In this post I’m going to give a guide on how to set up your own Mumble server. There’s already a guide on their official wiki here, but I’m going to try and make this step-by-step and easier to follow, even for a non-technical user.
If you don’t already know, Mumble is an open-source and free VoIP program which has several features that means I prefer it to the most popular choice – Skype. Not that there’s anything wrong with Skype.
Anyway, whereas with Skype you are using a P2P connection to chat, with Mumble you can host your own server on your local PC, and have other users connect to you. Either method is effective, and that’s not the reason I prefer Mumble. I prefer Mumble because it has voice-activation detection (so the mic will automatically pick up noise above a certain level) whereas Skype is always-on. It also has a much wider range of settings to play with. Finally, it also has a nicer overlay, but that’s just a little thing.
Anyway, to set up a Mumble server, you first need to download it from here and then install it. When you install it, make sure you choose to install Murmur too, which is the server component and is required to host your own server.
Okay, first thing’s first – you need to configure your router to open up a port. You probably also want to assign yourself a static IP address (see this blog post on how).
Set up your static IP first. Remember to set it outside of your router’s DHCP range, or it might be assigned to another PC first!
Unfortunately opening ports on a router depends on the firmware used on the router, which in turn depends on the make/model. I’m using a Huawei EchoLife HG532 (it’s provided with TalkTalk Fibre Optic broadband and does a decent job, so haven’t felt the need to replace it), so that’s what my screenshots are from. Have a look in similarly named parts of your router’s interface and I’m sure you can figure it out – such as NAT, Port Forwarding etc.
Some of the fields in the screenshot below may differ from yours, but you should be able to work it out.
You can see that the port you need to open is 64738 – make sure you set it as TCP/UDP protocol. Using one or the other won’t work. It should be both your internal and external port. This is the default port for Murmur – you can change it to another if you prefer in the configuration file (which I’ll touch on later).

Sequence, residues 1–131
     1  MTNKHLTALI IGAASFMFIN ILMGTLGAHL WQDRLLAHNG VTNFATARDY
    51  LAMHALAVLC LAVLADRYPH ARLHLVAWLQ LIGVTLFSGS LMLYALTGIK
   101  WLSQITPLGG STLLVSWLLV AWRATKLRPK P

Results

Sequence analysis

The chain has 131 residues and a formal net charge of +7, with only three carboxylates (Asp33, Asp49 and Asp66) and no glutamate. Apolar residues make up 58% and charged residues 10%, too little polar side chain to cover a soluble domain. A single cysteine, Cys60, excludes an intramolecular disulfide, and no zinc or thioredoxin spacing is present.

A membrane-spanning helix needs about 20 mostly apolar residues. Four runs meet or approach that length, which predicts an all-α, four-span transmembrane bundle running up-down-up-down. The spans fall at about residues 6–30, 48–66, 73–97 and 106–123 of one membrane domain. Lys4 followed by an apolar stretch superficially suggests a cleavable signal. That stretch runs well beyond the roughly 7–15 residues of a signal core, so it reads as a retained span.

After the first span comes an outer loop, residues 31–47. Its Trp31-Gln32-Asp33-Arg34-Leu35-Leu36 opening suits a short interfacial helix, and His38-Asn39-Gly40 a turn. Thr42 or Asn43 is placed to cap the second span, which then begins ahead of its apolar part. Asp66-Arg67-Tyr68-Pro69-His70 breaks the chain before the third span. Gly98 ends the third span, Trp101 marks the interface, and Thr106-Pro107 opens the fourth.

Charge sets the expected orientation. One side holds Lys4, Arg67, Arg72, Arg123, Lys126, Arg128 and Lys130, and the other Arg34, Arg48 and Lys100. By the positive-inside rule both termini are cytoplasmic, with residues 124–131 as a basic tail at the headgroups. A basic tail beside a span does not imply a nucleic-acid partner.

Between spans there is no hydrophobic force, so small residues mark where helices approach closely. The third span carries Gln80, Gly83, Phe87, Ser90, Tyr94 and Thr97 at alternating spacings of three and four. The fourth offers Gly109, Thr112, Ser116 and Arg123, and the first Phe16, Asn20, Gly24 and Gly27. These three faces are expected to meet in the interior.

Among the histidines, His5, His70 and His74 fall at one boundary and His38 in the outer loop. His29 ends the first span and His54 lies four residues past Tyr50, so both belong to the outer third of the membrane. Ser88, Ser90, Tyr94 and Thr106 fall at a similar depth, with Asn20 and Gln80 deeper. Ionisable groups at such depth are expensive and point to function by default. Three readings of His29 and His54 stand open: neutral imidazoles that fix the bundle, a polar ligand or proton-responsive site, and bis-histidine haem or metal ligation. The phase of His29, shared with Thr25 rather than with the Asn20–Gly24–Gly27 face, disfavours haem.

The internal host is the internal static IP you have set for your PC – in my case it’s 192.168.1.150. I’ve given the rule a self-explanatory name of “Murmur”. That’s pretty much it. The remote host field isn’t needed. You can check if you’ve done it correctly using a site such as http://www.canyouseeme.org/, although don’t take the results for this as gospel, as it’s not always accurate. The best way to check is to try and have someone connect.
OK, so we’ve opened the required port. If you go to your Mumble installation directory (default at C:\Program Files (x86)\Mumble) then you will find a file called “murmur.ini”, which is the configuration file. Open it using a text editor, such as Notepad (or even better, Notepad++). In this you can change the settings for you server.
You can leave most of it as it is – things you might want to set are a server password, limit the number of users who can connect simultaneously, change the port it uses and change the welcome message. To do so, find the relevant lines in the file and uncomment them (delete the #) and set it to what you want. So for example, to change the server password, find and change to the following:
# Password to join server
Once you’ve made any changes you want, save and close the file. Run the “murmur.exe” file in the same folder as the configuration file to start your server (it will start minimized and running in the taskbar) – double click it to show it and you can check the text logs. Now this is running, people should be able to connect to your server.
Connect to your own server by running Mumble – your server will appear under the LAN group, and will have 0 ping (as it’s your own PC).
For your friends to connect, you’ll need to provide them with server details. These can be a bit confusing if you haven’t set up a more user-friendly host name (coming in another post!).
They’ll need to click the ‘Add New…’ button which can be seen in the previous screenshot, at which point they’ll be shown the following.
The Label field is just whatever they want to name the server (e.g. CSF90’s Server). The address field defines the server they’re connecting to – they’ll need either your external IP address or your host name. You can find your external IP by Googling “my IP” or “what is my IP” or something like that, and Google will helpfully tell you. There’s a small security risk about giving out your external IP address, which is why setting up a host name is preferred. The Port field will be the port you specified in the configuration/opened on your router (shown as the default), and the Username is what they want their name to appear as when connected.
That’s it – assuming it’s set up correctly, they’ll be able to connect!